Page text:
Hawks raid OCJ officials' homes after Sunday Times investigation
The Hawks on Tuesday raided the homes of three former Office of the Chief Justice (OCJ) officials. They are accused of irregularly benefiting from a R225m IT contract.
Hawks spokesperson Capt Lloyd Ramovha said officers “simultaneously descended on the premises of the three implicated individuals this morning around Pretoria and Kempton Park” after the OCJ laid criminal charges.
The Hawks did not name the suspects, but Ramovha said they included the OCJ’s “former chief financial officer, former spokesperson and former case management director”.
“The OCJ reported the matter to the Hawks and hence the search and seizure operation to obtain documentary and electronic evidence,” he said.
“The preferred charges would be that of fraud, corruption in terms of the Prevention and Combating of Corrupt Activities Act (PRECCA) and the contravention of the Cybercrime Act. [There have been] no arrests as yet as investigations continue.”
The raid follows a Sunday Times investigation published in June in which the newspaper reported that former CFO Casper Coetzer, former spokesperson and chief director of court administration Nathi Mncube and former case management director Yvonne van Niekerk were accused of setting themselves up for a large slice of the contract after they helped strike the deal.
Their last day at the OCJ was May 31. The next day they started new jobs as local partners to multinational media and technology organisation Thomson Reuters, which was awarded the contract by the OCJ. The three stood to earn 30% of the deal’s value, or at least R67.5m.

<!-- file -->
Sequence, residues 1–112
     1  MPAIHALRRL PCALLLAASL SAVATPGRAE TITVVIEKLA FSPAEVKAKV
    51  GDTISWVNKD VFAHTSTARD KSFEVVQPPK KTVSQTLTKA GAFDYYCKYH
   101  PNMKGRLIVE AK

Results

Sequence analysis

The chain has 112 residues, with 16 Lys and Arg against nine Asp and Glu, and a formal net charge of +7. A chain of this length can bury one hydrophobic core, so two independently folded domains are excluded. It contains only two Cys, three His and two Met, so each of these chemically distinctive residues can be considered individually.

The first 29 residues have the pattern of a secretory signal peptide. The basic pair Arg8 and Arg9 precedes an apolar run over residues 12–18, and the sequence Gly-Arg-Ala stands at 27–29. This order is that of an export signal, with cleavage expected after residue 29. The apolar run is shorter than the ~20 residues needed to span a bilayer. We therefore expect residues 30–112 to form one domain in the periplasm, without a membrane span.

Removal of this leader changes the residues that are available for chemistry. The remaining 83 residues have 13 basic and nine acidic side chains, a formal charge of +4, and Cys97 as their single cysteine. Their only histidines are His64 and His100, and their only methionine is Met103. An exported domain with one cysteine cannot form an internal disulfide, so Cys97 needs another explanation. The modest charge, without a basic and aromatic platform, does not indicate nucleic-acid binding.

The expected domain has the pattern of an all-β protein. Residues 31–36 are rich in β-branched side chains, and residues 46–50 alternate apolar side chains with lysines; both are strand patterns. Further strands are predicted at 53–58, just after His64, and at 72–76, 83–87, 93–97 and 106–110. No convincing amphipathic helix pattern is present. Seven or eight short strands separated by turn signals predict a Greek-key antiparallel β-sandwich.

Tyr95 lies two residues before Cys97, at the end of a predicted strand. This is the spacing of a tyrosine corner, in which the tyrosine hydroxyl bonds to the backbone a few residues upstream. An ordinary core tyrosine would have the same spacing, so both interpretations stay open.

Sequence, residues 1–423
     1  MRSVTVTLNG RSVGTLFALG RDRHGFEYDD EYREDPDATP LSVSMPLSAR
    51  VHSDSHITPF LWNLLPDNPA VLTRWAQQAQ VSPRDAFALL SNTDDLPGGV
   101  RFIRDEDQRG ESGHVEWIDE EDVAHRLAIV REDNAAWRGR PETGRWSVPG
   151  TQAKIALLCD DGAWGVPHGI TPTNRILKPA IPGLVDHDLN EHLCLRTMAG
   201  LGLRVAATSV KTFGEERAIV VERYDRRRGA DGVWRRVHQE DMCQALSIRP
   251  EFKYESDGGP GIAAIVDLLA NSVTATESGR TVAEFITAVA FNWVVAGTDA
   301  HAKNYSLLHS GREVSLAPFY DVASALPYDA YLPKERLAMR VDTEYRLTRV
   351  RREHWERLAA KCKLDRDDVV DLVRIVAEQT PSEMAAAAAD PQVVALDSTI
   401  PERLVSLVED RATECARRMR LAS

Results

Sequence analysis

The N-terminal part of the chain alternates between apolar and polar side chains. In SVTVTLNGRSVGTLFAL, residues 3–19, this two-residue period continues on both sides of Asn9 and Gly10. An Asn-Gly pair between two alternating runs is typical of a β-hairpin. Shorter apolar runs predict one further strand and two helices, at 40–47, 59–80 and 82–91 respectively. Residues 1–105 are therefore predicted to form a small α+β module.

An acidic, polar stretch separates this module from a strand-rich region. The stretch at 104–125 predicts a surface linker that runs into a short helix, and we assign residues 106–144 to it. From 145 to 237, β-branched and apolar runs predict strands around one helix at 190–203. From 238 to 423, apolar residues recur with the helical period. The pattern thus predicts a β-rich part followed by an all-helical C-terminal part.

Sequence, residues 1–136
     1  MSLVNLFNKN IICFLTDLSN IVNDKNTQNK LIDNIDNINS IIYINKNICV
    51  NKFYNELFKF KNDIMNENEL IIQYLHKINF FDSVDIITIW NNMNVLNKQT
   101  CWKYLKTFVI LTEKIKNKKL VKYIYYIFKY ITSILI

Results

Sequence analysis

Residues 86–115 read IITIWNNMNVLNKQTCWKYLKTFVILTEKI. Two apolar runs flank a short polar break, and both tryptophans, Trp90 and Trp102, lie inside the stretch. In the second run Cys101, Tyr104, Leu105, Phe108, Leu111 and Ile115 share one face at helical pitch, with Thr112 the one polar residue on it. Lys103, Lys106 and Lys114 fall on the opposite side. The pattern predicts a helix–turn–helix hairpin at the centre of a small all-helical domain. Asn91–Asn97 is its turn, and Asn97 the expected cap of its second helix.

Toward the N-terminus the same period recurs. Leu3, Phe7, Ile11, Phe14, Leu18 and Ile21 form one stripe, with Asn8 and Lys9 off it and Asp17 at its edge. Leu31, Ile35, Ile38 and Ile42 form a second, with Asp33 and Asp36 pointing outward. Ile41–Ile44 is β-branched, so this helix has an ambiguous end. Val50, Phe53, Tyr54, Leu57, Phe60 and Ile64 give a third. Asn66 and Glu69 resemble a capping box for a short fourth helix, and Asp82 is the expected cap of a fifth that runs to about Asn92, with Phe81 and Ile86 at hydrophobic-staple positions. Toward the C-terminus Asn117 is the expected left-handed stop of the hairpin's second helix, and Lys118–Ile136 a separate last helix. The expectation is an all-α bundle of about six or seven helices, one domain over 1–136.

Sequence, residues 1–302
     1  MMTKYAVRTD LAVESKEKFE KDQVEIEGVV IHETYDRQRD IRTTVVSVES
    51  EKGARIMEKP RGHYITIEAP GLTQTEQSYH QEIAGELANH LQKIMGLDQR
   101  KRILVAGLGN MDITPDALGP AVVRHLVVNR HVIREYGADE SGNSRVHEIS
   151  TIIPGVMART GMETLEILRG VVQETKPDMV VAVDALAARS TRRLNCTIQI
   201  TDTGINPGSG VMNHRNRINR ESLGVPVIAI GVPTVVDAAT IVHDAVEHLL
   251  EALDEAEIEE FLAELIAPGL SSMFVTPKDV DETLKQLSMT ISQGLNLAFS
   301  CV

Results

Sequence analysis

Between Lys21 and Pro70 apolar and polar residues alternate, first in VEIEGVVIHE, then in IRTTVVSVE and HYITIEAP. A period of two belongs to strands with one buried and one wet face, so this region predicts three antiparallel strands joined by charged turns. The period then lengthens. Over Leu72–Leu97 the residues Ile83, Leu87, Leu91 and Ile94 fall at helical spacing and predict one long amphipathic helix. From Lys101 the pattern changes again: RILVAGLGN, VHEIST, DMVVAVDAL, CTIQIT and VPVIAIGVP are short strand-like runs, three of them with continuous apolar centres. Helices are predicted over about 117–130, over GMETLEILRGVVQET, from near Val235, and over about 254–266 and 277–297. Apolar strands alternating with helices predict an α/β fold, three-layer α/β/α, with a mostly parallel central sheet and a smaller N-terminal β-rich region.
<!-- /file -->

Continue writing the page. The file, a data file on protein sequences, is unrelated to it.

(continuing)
The contract related to the national rollout of CaseLines, a digital court case management system.
The OCJ reported the matter to the Hawks and hence the search and seizure operation to obtain documentary and electronic evidence.Hawks spokesperson Capt Lloyd Ramovha
In response to the Sunday Times, Mncube said they had done nothing wrong because their contract began on June 1 and their company, ZA Square Consulting, had not earned any income until May 31 when their employment at the OCJ ended.
At the time, Coetzer said there was nothing untoward about his company bidding for work on the contract.
“We decided to create this company after the award was made ... Our decision was definitely only made afterwards. I was against subcontracting [in the bid adjudication committee], so I could not have tried to manipulate this process,” he said.
“I do not see it as a conflict based on the timing and the facts ... There is nothing to do to prove to you what was in my mind at that time in December ... On December 10 I did not even contemplate this.”
Thomson Reuters also said there was nothing untoward about the contract, but instituted an investigation into it.
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